continuous sessions of Congress is both a result of 'and reinforcement to this managerial impulse, as is the rapid growth in congressional staff, most of which occurred during the sixties and severv ties. As Congress has become a continuously m eeting b ody, and as opportunities for outside in- come, and consequently for non-political outside activities, were reduced and then eliminated, as Congress exempted itself from the application or objective enforcement of various social policy laws, Memb e rs of Congress unavoidably became more detached from, or in the words of The Federalist, less sympathetic to, the plight and concerns of ordinary citizens. For most Members, election to Congress- means that you no longer work, shop, commute, or send your c hildren to school among your constituents. The attitudes and outlook inside the Beltway among what has become a professional political class is indeed different from that in the rest of the nation. Mem- bers of Congress spend far more time here than they d id twenty or thirty years ago, and vastly more time than was the case in the founding period. Also important, time spent back in the dis- trict is as campaigner and officeholder, rather than as businessowner, commuter, or parent. The reply that Congress i s , to the contrary, hypersensitive to changes in public opinion, only strength- ens the case that Congress is indeed out of touch. Members who have a firm grasp of their constituents' opinions and views are unlikely to be swayed by transient changes in pol l s or by su- perficial public relations efforts. It is those who put their own job security first in order of priority who are more likely to react inappropriately to such factors. The pr ofessional, managerial Congress clearly acts differently than its pr e decessors. This new Congress is, for instance, far more willing to delegate broad powers to executive agencies, on the assumption that Members and committees will have a major say in the implementation and exe- cution of their mandates. Indeed, there has a risen an unfortunate tendency to pass particularly contentious issues into the bureaucracy, but under procedural mandates that allow Congress to at- tempt to manage or prejudice the outcome. Such practices leave voters who are frustrated with government p e rformance in general or with particular policy outcomes with no one to hold ac- countable: Congress points to the bureaucracy and the President points back at Congress, yet both sides have incentives to postpone and temporize rather than to resolve issues clearly. The development and increasing use of non-legislative means of exercising power has aided the career Congress in avoiding accountability while managing the executive branch policy pro- cess. Among these practices are: insistence on adherence to r e port language as equivalent to law; attempts t6 construct detailed and definitive legislative histories; detailed requirements on execu- tive branch decisioninaking procedures, including, incredibly, prohibitions on contact among executive officials; repo r ting requirements to Congress; and, the Independent Counsel law, par- ticularly the congressional triggering mechanism. All of these practices and many others less formal permit -if they are not themselves, per se -violations of the separation of powers. T he result, again, is a lack of accountability to voters as to who is responsible for the results. This en- tanglement also robs legislators of the objectivity which is essential to proper legislative oversight of executive activity: to the extent that Con g ress is involved in executive branch deci- sions it simply cannot be a fair judge or referee. To the degree that the President, governors, and mayors had their tenure limited because of the full time nature of their offices, the extent of their powers, an d the resources under their control, the same imperative applies to Congress, state legislatures, and even city councils as they lengthen sessions, increase staffs and budgets, and take a larger role in government management. In addition to changes in the l egislature, changed conditions in government generally seem to have contributed to support for term limits. The entire developed world is experiencing a post- Cold War revolution in. government, as we have seen in Italy, Japan, and Canada even more dramat ically than in the United States. Much as in situations of active wars, governments have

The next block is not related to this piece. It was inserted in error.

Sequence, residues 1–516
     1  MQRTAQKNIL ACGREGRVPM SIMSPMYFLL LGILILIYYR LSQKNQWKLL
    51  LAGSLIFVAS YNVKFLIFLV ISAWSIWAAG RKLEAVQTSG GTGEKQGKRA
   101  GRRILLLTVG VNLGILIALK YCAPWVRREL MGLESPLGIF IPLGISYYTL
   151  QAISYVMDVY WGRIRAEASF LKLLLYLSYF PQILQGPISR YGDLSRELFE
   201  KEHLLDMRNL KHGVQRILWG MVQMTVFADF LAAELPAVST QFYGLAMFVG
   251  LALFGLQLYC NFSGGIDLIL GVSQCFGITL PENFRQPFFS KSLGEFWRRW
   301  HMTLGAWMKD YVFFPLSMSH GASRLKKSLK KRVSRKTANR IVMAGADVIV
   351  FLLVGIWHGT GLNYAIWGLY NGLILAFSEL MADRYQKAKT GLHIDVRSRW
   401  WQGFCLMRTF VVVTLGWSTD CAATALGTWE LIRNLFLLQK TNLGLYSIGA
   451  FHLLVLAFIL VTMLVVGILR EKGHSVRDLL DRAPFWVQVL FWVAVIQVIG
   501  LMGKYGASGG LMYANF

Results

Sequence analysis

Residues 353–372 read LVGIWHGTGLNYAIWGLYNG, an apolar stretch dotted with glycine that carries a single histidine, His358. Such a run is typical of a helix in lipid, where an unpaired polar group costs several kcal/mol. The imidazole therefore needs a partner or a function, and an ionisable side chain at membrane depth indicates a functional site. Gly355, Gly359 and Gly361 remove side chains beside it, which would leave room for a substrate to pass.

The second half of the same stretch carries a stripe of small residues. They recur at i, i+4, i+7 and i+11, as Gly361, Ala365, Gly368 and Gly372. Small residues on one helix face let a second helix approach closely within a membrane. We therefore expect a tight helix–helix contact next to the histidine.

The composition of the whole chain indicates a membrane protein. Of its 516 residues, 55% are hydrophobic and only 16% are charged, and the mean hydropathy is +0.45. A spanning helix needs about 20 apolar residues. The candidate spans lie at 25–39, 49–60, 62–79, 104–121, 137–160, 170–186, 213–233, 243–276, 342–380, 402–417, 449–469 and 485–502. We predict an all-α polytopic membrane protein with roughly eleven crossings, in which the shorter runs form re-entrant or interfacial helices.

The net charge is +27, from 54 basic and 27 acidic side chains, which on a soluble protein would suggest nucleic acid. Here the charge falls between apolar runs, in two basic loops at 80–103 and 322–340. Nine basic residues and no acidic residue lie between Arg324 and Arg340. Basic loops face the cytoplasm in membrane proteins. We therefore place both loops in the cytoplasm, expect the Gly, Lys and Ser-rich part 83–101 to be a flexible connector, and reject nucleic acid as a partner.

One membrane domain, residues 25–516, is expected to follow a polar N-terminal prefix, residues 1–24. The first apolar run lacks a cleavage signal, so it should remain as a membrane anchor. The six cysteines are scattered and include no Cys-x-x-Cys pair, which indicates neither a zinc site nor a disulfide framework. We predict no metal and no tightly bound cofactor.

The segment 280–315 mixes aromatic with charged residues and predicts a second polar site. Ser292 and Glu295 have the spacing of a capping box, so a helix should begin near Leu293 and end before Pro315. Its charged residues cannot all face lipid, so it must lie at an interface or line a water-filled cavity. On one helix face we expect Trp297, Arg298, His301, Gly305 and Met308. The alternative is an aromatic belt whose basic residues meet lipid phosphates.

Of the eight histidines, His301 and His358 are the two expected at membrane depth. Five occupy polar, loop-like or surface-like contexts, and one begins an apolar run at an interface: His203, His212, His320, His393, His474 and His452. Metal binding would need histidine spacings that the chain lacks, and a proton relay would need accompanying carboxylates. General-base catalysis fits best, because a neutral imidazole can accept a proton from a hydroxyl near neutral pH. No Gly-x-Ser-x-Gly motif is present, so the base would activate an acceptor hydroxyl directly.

grown in scope and power while policies in a broaa range of areas have ossified, becoming in- creasingly at variance with changing public opinion. As with tectoni c forces that build up over time, the sudden reduction in military and foreign policy tension is likely to result in large and sudden changes in other areas of policy and society, changes that have by no means yet been spent.